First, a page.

"The most common themes in my work include vulnerability, infantility, destruction and the limitations of communication. I try to work as authentically as possible with what I want to communicate, with certain emotions and states of mind. I strive for personal communication. I employ means that pose the least resistance to me – mainly drawings or paintings (my work is often derived from comics or illustrations in children's books). Auto-destruction and death, as a theme usually put off and unresolved, .... I feel it's important to somehow work with these things."
Josef Bolf: Scratch Paintings
Bolf's most recent work was created using a technique that many of us know from art class: a wax crayon colored background painted over in ink onto which the picture is then scratched. With this technique, Bolf has very elegantly succeeded in circumventing the problematic relationship between painting and drawing. He has developed a mixed media that is as close to painting as it is to drawing.
Bolf's literally lacerated paintings radiate with poignant beauty. The heroes, difficult to define, are in these paintings as familiar stuffed animal characters with festering eyes who, in their horror of the world, are unable to quit the confines of their rooms or who mindlessly wander through the housing estates and hypermarkets as if they missed their last chance to commit suicide and are left with no other option than to carry on under the burden of unbearable suffering, the cause of which we can only imagine. It would be a mistake however to project the artist alone into the figure of these cowering wounded animals. The paintings of Josef Bolf are not an exhibitionist type of art therapy, whose sincerity and despair are meant to evoke compassion. His paintings much more reflect the anguish of our contemporary culture, which is why it is so easy to identify with the scenes of depression. Chaos does not represent the condition of the artist here, but of society as a whole.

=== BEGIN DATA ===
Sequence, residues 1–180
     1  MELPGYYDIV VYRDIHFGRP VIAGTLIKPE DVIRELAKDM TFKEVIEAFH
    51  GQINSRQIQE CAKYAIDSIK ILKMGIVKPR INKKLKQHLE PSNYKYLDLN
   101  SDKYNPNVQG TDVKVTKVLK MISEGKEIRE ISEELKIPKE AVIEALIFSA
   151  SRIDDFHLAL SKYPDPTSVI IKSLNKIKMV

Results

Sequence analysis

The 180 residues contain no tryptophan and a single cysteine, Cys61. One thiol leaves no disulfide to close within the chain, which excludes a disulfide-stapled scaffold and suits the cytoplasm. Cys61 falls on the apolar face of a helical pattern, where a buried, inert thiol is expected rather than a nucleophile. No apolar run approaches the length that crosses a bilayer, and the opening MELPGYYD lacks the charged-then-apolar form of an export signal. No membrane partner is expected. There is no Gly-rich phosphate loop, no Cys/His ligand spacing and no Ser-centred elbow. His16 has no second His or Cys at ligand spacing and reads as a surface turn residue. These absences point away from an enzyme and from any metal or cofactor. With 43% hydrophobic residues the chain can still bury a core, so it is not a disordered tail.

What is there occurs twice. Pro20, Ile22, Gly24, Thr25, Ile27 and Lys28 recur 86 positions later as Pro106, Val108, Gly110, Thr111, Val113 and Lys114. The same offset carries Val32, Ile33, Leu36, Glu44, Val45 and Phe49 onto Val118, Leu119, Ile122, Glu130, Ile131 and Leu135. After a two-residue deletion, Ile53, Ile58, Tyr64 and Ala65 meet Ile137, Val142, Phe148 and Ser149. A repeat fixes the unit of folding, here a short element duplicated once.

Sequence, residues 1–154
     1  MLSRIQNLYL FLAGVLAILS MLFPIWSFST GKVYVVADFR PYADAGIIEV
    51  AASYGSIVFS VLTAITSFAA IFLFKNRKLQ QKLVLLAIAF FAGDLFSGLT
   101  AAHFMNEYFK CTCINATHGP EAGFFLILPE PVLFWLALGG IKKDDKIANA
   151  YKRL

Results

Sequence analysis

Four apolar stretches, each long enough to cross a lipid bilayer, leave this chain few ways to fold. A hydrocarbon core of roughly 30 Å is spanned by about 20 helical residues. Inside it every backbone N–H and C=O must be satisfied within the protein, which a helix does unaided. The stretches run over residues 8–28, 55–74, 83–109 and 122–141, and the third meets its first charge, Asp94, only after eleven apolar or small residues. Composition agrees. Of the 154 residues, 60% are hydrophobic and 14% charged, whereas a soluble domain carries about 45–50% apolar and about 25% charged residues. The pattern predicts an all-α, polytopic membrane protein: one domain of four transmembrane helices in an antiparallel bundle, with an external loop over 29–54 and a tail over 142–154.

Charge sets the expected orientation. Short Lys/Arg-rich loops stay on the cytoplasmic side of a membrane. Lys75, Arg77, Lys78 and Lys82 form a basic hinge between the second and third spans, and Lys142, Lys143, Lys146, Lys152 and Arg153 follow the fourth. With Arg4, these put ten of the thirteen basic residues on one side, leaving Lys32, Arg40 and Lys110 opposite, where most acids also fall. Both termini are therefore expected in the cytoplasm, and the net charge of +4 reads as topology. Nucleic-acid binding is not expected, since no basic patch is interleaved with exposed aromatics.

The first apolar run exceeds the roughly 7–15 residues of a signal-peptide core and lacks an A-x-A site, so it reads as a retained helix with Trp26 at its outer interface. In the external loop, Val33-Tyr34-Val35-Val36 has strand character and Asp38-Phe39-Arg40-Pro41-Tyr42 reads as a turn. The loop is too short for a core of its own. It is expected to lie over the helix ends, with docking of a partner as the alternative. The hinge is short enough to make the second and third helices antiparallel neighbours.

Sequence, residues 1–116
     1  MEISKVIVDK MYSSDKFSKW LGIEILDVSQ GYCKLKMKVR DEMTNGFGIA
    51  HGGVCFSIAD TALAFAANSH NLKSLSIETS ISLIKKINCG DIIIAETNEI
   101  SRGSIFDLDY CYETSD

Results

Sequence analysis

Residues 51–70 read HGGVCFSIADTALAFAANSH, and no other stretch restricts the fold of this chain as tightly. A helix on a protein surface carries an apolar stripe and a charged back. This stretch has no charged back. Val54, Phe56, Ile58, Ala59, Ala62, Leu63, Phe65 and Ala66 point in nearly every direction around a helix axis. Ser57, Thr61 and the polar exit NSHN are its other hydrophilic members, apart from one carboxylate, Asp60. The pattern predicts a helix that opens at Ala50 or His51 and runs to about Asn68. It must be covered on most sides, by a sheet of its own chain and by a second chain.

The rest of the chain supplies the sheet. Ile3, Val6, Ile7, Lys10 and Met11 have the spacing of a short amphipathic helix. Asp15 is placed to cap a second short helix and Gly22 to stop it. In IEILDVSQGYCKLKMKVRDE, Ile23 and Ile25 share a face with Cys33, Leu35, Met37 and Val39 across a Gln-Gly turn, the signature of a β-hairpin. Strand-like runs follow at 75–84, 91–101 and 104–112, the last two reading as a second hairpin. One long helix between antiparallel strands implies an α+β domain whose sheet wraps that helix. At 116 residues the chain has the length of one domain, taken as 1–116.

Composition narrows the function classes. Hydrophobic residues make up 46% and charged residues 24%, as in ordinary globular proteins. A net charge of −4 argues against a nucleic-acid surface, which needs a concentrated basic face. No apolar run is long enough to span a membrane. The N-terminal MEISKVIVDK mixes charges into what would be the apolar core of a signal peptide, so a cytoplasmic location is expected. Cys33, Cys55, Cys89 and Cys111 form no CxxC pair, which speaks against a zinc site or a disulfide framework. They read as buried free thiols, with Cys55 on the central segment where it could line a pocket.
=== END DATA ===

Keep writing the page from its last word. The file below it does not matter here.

In this new series of work, Bolf accurately observes details from the world around him: an absurd sidewalk graveyard, the front end of an approaching metro, the atmosphere of an empty supermarket or a desolate evening surfing the internet, not only act as universal symbols of big city disaffection, but very closely document contemporary life.
Tomas Pospiszyl, an excerpt from the article "A little one in danger: the provocative beauty of vulnerability", A2 kulturni tydenik, 27/200